First Lady Michelle Obama delivered the most powerful speech at the DNC (& in our recent memory) on what she hopes for the future of this country and why she will be supporting Hillary Clinton. The speech was raw, powerful, and left us in a puddle of our own tears. In short; a triumph.

"It's the story [of this country] that "has brought me to this stage tonight [and] the story of generations who felt the lash of bondage,” she said. “ Those men and women who kept on striving and hoping, so that, today, I wake up every morning in a house that was built by slaves and I watch my daughters--two beautiful, intelligent black young women playing with their dog on the White House lawn. And because of Hillary Clinton, my daughters--and all our sons and daughters--now take for granted that a woman can be President of the United States."

Watch the speech below (and mb have a box of tissues at hand. Ya know. Just in case.)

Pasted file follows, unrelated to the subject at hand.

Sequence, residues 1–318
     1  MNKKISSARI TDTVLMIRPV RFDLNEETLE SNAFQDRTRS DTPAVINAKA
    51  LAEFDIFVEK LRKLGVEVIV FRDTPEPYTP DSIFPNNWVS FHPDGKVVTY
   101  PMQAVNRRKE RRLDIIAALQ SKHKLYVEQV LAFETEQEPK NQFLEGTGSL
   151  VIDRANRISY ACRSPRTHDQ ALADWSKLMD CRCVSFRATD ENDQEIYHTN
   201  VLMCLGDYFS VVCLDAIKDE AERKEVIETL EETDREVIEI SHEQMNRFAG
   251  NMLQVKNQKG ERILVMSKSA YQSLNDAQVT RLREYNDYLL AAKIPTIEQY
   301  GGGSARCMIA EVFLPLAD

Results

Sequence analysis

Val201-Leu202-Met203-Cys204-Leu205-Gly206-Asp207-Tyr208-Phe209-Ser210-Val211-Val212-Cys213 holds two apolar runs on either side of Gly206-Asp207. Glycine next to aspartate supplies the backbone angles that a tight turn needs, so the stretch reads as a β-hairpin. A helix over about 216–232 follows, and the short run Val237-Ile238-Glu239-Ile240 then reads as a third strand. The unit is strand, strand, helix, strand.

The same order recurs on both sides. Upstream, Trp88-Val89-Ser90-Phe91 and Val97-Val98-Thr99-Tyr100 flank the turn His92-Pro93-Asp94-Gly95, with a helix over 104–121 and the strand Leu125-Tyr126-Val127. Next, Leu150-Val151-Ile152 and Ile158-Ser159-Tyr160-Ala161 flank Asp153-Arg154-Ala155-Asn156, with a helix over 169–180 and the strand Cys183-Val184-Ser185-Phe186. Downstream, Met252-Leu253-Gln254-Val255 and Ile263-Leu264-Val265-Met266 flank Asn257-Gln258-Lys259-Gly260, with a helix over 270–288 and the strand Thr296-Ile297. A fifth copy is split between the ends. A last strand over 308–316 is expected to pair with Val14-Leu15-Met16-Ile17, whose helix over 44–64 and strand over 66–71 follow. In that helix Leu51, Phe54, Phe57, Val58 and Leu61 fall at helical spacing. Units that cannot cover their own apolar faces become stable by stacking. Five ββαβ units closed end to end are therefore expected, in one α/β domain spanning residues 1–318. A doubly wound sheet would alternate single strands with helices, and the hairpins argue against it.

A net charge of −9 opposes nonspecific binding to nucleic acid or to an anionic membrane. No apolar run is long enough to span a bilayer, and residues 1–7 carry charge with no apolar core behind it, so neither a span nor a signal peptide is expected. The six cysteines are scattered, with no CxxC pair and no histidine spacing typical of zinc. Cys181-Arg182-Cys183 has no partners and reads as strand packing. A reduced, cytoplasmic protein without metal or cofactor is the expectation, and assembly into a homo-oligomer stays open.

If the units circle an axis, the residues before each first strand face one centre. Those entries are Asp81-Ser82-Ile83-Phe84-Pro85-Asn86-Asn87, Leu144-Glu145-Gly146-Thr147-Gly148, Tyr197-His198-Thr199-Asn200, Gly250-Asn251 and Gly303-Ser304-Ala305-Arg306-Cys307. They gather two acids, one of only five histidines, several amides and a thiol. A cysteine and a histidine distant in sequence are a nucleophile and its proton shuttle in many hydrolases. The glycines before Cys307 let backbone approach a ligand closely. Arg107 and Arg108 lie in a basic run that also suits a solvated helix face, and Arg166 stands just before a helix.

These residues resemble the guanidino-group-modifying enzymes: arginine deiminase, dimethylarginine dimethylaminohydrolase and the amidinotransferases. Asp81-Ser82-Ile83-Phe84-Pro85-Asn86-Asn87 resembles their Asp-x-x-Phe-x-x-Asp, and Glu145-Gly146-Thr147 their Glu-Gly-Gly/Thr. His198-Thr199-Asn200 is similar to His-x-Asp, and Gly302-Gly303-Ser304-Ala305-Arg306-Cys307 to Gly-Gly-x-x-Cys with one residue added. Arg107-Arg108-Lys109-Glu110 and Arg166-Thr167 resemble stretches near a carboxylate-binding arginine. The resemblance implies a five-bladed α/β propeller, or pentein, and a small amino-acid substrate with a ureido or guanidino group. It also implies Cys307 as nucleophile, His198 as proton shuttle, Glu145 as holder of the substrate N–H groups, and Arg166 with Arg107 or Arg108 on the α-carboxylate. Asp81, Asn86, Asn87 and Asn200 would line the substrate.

I'm not ashamed to admit that I love a little light celebrity gossip. The night Kim released the Taylor Snapchats, for example, I was alert and squealing with delight at the sheer juiciness of it. I love drama when it's curated, when it's safe, and when, at the end of the day, it's publicity for them and a bit of entertainment for us. There is also gossip that I strongly dislike, and it's often when a celebrity is being made into a spectacle during a personal battle. 

Uncovering the deeply personal part of a celebrities life hasn't changed much in the past decade, unfortunately. News outlets reel off of the 'girls next door' who lose their smiley persona, who fall down, who take a different path than expected. Britney shaving her head, Amanda Bynes horrific Twitter rage, even Rob Kardashian's weight gain and escape from the public eye-- we watch it unfold like a tragic 3 part play.